Cutting a hole in drywall is very easy, for the material is lightweight and does not provide much resistance to a knife. The trick, however, is taking the exact measurements so that the hole you cut is precisely where you need it to be. When hanging drywall, you must cut out the access holes for your light fixtures, power outlets, light switch boxes, circuit breakers, and anything else that will be protruding from the wall. Follow these simple steps for cutting out those holes.
Hang Intact Drywall First
If you are hanging drywall on one large wall without a corner to use as a point of reference, start by hanging drywall sheets that will remain intact. Hang these sheets up to the area where you will make the first hole. On the other hand, if you have a corner to use as a starting point, that will suffice.
Measure the Drywall
Try to use as big a sheet as you can to avoid hanging numerous small pieces. If necessary, you can cut several holes in one piece of drywall.
Determine how big of a sheet you can hang. Position the piece in the manner it will be hung. Measure the horizontal distance from the edge of the next piece or the corner to the edge of the fixture. Note it in pencil on the piece of drywall.
Next measure the vertical distance from the floor up to the bottom of the fixture and note it, as well.
Measure the Fixture
Note the dimensions of the fixture in question and mark them on the piece of drywall.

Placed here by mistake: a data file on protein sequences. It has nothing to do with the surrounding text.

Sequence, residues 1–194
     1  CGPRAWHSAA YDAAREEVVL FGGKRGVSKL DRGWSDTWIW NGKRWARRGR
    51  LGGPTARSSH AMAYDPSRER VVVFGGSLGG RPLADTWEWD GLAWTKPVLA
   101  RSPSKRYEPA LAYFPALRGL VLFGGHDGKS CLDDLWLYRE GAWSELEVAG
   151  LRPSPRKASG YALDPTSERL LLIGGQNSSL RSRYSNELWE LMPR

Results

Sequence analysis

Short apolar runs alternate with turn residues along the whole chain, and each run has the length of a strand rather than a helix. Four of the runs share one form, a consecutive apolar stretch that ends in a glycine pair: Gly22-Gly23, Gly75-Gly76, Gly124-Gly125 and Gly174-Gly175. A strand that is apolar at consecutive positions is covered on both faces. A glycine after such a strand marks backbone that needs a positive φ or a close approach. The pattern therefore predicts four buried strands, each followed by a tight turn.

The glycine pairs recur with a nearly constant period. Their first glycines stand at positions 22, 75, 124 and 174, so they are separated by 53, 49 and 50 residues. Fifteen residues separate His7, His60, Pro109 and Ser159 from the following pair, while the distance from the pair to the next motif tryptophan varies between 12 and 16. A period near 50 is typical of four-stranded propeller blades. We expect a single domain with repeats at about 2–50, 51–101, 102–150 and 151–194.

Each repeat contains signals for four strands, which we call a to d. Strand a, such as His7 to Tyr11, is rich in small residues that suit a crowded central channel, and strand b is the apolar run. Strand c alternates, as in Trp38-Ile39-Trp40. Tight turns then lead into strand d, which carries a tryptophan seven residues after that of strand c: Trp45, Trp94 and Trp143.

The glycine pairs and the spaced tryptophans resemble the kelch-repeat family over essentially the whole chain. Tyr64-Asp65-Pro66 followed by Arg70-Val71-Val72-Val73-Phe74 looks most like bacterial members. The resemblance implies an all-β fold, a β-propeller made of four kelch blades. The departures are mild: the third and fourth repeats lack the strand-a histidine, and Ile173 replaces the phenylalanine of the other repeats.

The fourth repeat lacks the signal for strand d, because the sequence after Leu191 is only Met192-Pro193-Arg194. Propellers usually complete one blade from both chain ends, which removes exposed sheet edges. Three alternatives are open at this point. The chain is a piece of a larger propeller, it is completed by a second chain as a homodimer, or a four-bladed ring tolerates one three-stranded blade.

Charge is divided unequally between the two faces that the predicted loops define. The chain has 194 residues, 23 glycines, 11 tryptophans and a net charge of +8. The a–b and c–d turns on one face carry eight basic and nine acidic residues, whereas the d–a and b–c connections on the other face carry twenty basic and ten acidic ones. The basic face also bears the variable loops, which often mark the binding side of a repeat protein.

Plan the Cut
Lay the piece of drywall up against the wall or on the floor in the position it will be hung. You know the distance from the floor to the bottom of the fixture as well as the distance from the edge to the near side of the fixture. You also know the dimensions of the fixture itself. Stretch the tape measure out the horizontal distance from the side edge. Holding the tape measure steady, line your pencil up with the inch mark representing the distance from the edge to the near side of the fixture.
Slide the tape up and down, making a pencil line as you do. You want it longer than the length of the fixture. Do the same for the vertical distance from the bottom edge to the bottom of the fixture. Where these two lines intersect will be the bottom left or right corner (depending on the direction you measured) of the hole.
Include the Measurements for the Fixture
From these two lines, you can complete the dimension marks for the hole. Use the intersection point as your reference. If the fixture is 3 1/2 inches wide, make a mark that far from the vertical pencil line. Do likewise for the other dimension.
Stretch out the tape measure again and draw two more lines with the pencil from each mark. Now you have a complete rectangle on the drywall, a rectangle that indicates the exact dimensions of the fixture, correctly distanced from each edge.
Cut It Out
Insert the utility knife into the drywall along the four pencil lines. Be careful to slide it exactly along the lines. Don’t cut beyond each intersection point.
When you complete the four cuts, lightly tap the shape with the drywall hammer. The piece should pop out. Clear away any overhanging drywall.
Place the sheet against the wall frame where it will go and check your accuracy. If you did everything correctly, the hole should line up exactly with the fixture. If it is aligned, hold the sheet in place as you fasten it to the studs with sheetrock screws and move on to the next piece.